The Bush administration insisted the security risk of nuclear cooperation with the Emirates was low. Despite concerns in Congress, however, President Obama has largely maintained the same stance.
Due to new federal air pollution regulations, more than 32 power plants across the country will be forced to close their doors, according to a recent Associated Press survey. Those plants, which are mostly coal-fired, discharge enough electricity to supply more than 22 million households, the survey notes, and their closure will lead to job layoffs, depleted tax revenues, and a considerable hike in electric bills. The areas that will be hit hardest are the Midwest and in the coal belt (Virginia, West Virginia, and Kentucky), where dozens of plants will likely be retired.
Two regulations are in question: One aims to curb air pollution in states downwind from pollutant-heavy power plants; and the second, which was finalized last week, would enact the first standards for mercury, acid gas, and other pollutants from plant smokestacks. In total, the new regulations could eliminate more than eight percent of coal-fired generation nationwide.
AP’s survey, the first of its kind, looked at the analyses by the Environmental Protection Agency (EPA) of plant retirements and interviewed 55 power plant operators about the effects on power supply and about their plans to deal with the new regulations.
The current political debate over “jobs” ignores a vital component of jobs and the economy: Government make-work jobs are simply another form of welfare; jobs produced by the private sector that help the economy are productive jobs. In places like North Dakota, where the economy is now benefiting from an oil boom, the importance of genuinely productive labor has been understood from the beginning of frontier America. The winter wheat farmers of the Dakotas led an unglamorous like of rising before dawn, eating a big breakfast by a hard-working wife who herself had worked long, hard days, and then turning the land into crops. These families created wealth; they work produced goods and services that people wanted.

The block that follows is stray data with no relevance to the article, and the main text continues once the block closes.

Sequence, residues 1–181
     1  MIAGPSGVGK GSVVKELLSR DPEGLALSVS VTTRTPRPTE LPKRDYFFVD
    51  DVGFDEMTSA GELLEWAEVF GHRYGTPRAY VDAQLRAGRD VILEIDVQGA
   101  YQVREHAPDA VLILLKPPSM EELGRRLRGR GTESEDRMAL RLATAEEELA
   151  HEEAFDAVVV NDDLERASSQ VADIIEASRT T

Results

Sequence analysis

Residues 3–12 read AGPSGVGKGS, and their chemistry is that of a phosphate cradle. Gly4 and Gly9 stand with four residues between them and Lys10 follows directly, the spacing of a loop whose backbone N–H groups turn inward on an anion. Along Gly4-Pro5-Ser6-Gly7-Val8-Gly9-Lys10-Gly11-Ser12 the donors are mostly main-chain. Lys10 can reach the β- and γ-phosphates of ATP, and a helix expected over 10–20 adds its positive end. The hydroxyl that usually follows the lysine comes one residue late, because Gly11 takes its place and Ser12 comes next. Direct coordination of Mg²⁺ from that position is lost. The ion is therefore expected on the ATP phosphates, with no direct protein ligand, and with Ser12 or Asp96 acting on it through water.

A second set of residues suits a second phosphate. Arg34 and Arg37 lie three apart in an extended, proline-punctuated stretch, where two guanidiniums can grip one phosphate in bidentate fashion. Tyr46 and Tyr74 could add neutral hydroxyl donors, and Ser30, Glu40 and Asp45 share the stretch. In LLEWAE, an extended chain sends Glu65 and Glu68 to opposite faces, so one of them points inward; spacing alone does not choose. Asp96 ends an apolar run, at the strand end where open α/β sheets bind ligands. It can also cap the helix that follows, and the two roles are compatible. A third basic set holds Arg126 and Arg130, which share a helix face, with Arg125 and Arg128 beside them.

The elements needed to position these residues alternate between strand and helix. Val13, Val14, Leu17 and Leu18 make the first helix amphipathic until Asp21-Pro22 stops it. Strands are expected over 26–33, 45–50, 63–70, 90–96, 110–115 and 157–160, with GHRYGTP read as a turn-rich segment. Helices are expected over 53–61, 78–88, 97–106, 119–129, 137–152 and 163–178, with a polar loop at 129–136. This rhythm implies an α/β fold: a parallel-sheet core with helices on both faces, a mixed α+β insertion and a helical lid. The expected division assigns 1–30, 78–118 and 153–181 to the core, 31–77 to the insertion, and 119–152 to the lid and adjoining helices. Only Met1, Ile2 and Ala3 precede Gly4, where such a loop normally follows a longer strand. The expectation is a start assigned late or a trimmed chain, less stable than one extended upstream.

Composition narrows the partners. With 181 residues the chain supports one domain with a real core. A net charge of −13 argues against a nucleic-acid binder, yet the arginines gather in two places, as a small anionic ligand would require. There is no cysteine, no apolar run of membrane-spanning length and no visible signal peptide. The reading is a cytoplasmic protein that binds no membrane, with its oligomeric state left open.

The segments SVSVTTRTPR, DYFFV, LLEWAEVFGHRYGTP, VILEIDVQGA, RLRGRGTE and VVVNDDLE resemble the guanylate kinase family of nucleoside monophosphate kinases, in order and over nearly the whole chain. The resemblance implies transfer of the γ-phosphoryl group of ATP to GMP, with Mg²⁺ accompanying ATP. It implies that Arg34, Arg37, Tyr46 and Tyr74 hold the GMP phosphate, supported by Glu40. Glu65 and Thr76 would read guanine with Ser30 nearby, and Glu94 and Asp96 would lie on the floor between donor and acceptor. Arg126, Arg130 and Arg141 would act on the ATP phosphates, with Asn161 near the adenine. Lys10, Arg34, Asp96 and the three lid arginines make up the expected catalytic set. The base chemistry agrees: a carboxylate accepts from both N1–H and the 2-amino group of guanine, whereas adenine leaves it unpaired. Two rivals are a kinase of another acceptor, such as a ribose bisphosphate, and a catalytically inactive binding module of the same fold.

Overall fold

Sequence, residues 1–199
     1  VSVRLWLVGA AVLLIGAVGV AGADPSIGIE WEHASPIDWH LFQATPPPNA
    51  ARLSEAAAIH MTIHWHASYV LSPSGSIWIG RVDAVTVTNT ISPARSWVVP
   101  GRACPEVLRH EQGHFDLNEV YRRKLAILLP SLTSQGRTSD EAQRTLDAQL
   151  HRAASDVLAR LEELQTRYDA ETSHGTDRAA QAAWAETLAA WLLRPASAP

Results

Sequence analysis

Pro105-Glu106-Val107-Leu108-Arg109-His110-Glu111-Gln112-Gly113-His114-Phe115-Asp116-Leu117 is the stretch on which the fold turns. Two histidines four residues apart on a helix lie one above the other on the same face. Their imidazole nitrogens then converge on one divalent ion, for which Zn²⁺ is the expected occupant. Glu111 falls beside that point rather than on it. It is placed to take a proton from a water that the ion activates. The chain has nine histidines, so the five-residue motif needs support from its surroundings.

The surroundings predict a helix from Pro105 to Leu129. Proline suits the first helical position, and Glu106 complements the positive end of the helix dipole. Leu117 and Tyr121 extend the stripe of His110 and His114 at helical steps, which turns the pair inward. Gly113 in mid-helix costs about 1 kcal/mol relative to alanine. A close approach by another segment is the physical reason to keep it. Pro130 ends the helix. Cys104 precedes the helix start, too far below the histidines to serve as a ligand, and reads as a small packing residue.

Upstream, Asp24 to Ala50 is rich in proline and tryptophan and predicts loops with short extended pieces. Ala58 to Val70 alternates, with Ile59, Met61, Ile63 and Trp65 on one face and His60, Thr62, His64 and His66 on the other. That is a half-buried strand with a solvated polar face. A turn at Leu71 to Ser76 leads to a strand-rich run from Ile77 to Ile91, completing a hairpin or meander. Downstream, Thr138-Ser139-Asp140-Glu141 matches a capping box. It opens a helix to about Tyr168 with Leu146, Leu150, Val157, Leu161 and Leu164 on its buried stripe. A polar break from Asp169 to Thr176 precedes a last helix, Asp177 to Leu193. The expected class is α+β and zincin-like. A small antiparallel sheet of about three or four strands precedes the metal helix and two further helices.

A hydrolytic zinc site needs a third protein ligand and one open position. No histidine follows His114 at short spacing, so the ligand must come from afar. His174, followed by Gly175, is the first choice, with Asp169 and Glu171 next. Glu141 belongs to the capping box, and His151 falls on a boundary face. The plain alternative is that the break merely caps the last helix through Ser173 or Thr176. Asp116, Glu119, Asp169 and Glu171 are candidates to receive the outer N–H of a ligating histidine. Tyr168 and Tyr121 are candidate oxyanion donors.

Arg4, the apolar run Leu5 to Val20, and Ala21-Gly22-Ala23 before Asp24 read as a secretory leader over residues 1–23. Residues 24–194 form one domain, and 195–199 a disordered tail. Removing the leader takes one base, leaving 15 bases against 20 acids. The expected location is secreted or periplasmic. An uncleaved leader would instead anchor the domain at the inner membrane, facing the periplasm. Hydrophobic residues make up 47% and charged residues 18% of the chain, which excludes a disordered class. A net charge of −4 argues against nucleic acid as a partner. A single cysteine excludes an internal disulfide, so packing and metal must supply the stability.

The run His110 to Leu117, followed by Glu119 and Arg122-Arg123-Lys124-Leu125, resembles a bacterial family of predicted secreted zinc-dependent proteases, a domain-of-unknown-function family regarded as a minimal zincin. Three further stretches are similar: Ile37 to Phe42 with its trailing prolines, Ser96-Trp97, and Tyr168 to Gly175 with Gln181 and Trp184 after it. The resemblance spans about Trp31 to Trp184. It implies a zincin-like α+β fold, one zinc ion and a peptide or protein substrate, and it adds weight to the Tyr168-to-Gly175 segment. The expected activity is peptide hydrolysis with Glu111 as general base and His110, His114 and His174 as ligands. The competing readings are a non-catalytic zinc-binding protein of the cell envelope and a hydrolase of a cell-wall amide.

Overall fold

Perhaps no job in America is more important than generating energy. Yet many parts of West Virginia today have high unemployment because the environmental regulations have made it virtually impossible or cost-prohibitive to extract coal, despite the fact that our nation has a huge reserve of this proven fuel. Oil, however, is considered the most vital fossil fuel for our nation.
Increasing the domestic production of oil would allow our nation to pursue a foreign policy guided only by our wish to remain independent, free, and peaceful. Buying more of our own oil, and less foreign oil, would lower America’s balance of trade as well. Expanding the supply of oil also would put downward pressure on the price of this vitally important product.
The synergetic bond between former House Speakers Newt Gingrich and Nancy Pelosi extends well beyond the 2008 climate-change commercial that has stirred heated criticism among conservatives, as the GOP presidential hopeful has cosponsored 418 bills in Congress with Pelosi. Such a revelation, particularly when coupled with Gingrich’s Freddie Mac connections, liberal-leaning views on illegal immigration, and support for an individual healthcare mandate, underscore Gingrich's waning support for true conservative principles.